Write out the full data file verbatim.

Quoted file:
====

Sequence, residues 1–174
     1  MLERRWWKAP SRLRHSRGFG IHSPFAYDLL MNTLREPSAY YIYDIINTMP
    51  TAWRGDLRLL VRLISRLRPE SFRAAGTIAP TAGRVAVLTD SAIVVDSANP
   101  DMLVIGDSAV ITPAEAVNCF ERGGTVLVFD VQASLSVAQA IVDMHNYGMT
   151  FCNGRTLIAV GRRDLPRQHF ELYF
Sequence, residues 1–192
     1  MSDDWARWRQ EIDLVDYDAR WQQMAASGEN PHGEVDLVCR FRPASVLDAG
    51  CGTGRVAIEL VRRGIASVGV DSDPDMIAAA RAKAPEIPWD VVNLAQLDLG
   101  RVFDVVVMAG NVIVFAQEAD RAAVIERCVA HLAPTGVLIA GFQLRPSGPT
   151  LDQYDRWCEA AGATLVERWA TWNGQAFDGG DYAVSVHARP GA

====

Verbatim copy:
Sequence, residues 1–174
     1  MLERRWWKAP SRLRHSRGFG IHSPFAYDLL MNTLREPSAY YIYDIINTMP
    51  TAWRGDLRLL VRLISRLRPE SFRAAGTIAP TAGRVAVLTD SAIVVDSANP
   101  DMLVIGDSAV ITPAEAVNCF ERGGTVLVFD VQASLSVAQA IVDMHNYGMT
   151  FCNGRTLIAV GRRDLPRQHF ELYF
Sequence, residues 1–192
     1  MSDDWARWRQ EIDLVDYDAR WQQMAASGEN PHGEVDLVCR FRPASVLDAG
    51  CGTGRVAIEL VRRGIASVGV DSDPDMIAAA RAKAPEIPWD VVNLAQLDLG
   101  RVFDVVVMAG NVIVFAQEAD RAAVIERCVA HLAPTGVLIA GFQLRPSGPT
   151  LDQYDRWCEA AGATLVERWA TWNGQAFDGG DYAVSVHARP GA